Chief sees ‘giant leap’ in federal stance on native fisheries
The Telegraph Journal
Tuesday, April 24, 2001
HALIFAX. Native leaders praised a concession by the federal government Monday that they say could finally end a lengthy impasse over disputed fishing agreements.
Chiefs and legal experts were studying a new document containing revised language that natives had been pressing Ottawa to change if it wanted a resolution to stalled fishery discussions.
“It’s a giant leap compared to what has happened in our relationship with the government,” said Terry Paul, chief of the Membertou reserve in Sydney, N.S.
“I feel very encouraged and I think [the rest of the chiefs] feel the same as I do. I would call it nervous optimism.”
The document, called a template agreement, sets out some of the conditions governing potential fishing deals between Ottawa and the 34 native bands in Atlantic Canada and Quebec.
Each native band will determine the specifics of the deals, which are reportedly valued at about $500 million over several years and include money for training and gear.
But they first have to agree to the language of the template, which originally didn’t include terminology natives said was needed to protect what they consider to be their traditional rights to resources.
Bruce Wildsmith, the natives’ lawyer, said the new agreement could protect them in any future court case, and makes it clear that natives will not diminish any of their inherent rights.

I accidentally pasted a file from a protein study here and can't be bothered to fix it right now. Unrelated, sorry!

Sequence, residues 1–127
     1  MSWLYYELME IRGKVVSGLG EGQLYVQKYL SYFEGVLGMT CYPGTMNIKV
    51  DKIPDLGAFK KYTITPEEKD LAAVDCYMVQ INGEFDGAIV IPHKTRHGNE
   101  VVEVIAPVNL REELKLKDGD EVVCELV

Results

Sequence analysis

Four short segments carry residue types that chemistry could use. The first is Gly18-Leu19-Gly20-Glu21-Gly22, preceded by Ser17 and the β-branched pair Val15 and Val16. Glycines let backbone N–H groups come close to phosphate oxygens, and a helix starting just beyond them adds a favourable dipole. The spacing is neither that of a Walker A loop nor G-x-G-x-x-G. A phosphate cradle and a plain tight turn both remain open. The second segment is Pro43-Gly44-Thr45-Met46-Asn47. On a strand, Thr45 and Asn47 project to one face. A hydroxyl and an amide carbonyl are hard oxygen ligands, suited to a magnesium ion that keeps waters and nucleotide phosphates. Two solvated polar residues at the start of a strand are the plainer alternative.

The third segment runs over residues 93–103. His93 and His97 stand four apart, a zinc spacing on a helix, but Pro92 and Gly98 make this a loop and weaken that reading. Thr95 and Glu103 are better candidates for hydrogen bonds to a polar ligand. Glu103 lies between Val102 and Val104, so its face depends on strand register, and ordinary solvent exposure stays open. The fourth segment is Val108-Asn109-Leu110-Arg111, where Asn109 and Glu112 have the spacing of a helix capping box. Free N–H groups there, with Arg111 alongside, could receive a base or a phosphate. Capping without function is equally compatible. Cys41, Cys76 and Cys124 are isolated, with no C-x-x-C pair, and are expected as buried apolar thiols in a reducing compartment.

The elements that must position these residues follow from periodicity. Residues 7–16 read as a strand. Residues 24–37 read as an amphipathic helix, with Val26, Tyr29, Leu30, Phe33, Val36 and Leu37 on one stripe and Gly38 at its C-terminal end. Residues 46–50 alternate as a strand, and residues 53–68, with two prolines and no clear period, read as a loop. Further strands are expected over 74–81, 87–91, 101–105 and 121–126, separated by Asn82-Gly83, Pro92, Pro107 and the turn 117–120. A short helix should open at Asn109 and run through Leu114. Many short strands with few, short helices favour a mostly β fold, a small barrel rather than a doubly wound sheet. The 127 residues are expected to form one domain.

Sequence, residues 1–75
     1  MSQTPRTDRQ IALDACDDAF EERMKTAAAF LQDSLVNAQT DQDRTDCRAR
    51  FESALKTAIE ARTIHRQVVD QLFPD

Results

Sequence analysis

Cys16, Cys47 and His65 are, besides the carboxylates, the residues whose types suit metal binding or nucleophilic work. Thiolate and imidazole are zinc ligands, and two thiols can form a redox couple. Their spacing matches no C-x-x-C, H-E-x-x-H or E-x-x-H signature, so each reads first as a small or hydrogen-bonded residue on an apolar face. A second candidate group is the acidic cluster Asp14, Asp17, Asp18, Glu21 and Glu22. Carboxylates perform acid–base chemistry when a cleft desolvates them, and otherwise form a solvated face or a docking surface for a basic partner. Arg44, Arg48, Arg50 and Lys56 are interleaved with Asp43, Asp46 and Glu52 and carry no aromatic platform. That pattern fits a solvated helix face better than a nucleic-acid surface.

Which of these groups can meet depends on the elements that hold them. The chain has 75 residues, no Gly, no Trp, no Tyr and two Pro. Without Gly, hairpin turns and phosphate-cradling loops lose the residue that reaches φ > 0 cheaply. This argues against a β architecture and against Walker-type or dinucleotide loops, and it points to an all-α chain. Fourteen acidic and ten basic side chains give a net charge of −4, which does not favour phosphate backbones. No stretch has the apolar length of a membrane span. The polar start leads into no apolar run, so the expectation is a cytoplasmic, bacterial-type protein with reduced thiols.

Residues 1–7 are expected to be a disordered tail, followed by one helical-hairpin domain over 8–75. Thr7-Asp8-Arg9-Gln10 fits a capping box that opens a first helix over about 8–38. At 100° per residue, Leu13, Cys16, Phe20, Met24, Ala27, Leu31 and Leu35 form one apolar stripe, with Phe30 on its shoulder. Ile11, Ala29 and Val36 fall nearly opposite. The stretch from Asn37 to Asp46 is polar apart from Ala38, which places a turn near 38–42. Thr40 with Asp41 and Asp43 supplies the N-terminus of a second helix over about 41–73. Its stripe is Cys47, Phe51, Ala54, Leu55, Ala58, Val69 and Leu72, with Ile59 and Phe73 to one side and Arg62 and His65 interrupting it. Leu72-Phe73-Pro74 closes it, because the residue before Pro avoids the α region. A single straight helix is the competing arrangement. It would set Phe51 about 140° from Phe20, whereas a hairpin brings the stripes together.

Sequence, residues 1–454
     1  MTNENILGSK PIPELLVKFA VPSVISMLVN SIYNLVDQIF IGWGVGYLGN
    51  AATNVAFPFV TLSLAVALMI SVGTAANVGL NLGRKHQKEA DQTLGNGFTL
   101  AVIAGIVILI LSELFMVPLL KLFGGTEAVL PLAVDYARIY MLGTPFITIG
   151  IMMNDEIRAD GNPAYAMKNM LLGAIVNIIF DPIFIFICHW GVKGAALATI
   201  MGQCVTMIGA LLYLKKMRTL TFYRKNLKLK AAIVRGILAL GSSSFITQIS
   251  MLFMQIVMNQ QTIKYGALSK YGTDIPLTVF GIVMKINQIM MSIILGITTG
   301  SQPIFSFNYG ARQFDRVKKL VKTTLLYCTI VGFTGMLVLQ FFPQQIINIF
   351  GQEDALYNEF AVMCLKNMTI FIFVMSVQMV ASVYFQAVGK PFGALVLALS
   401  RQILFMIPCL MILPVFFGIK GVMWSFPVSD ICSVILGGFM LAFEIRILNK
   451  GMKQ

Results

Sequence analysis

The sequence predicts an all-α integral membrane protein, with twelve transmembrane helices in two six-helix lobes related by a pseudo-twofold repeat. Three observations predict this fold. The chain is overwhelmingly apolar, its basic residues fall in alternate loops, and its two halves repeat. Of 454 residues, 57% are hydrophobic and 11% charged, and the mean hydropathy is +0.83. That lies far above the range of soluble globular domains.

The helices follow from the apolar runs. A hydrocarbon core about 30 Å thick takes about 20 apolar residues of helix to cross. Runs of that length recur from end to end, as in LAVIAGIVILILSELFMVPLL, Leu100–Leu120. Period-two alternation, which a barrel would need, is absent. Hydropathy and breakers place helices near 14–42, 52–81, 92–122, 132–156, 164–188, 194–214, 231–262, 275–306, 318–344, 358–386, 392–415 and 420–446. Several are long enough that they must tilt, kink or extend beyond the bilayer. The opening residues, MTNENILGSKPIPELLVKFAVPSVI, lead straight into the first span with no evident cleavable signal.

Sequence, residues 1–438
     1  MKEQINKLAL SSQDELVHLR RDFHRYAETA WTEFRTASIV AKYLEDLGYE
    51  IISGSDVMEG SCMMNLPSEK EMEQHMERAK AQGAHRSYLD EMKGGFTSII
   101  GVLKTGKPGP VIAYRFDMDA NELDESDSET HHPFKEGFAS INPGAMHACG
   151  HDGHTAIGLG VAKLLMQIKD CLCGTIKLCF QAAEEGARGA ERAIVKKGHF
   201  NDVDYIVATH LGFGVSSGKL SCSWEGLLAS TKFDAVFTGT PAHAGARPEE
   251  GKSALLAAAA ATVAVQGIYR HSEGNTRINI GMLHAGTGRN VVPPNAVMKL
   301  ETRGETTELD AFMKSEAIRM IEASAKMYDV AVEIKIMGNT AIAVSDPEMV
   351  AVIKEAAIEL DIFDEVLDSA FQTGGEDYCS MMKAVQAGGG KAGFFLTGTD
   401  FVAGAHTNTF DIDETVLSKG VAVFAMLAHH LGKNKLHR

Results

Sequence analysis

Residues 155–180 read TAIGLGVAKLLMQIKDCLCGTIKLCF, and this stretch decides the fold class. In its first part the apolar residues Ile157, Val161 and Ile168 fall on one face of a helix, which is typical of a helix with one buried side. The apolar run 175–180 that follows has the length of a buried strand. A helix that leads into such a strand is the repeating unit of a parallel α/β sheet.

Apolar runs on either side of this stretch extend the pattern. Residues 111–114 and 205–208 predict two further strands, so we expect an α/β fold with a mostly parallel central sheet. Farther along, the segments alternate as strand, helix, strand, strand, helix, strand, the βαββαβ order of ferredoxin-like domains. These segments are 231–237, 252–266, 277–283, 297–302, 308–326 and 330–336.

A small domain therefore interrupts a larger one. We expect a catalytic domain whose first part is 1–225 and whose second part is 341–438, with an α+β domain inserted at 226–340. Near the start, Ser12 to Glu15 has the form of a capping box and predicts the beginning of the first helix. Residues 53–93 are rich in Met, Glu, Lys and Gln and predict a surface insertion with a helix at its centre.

It states that natives will not relinquish their rights, something Mr. Wildsmith said wasn’t included in the previous version. T
he agreement also symbolizes an important concession on the part of federal Fisheries Minister Herb Dhaliwal, who has insisted he has the right to regulate the fishery regardless of native rights, Mr. Wildsmith said.
“I think there has been some significant shift in their position,” Mr. Wildsmith said in Halifax.
“It’s finally Mr. Dhaliwal acknowledging that he doesn’t have the mandate to deal with rights-based negotiations.”
Native leaders say the changes will likely clear the way for the region’s 34 native bands to sign fishing deals, an ongoing irritant in relations between aboriginals and Ottawa.
The two sides have been trying to reach an agreement over the contentious issue for months, but have been stuck on the wording. Native leaders will now take the document back to their communities to be reviewed and then consider whether to sign new fishing deals.
A spokeswoman for DFO wouldn’t comment on the new agreement while the bands are still studying it.
Mr. Wildsmith, who had initially advised the bands not to sign the template, said this one offers “enough comfort to those communities that want to sign agreements.”
That could stem some of the violence that erupted on the fishing grounds in Miramichi Bay in New Brunswick and in Nova Scotia’s St. Mary’s Bay last summer.
Native fishermen clashed with DFO officials for fishing out of season and without the proper DFO tags.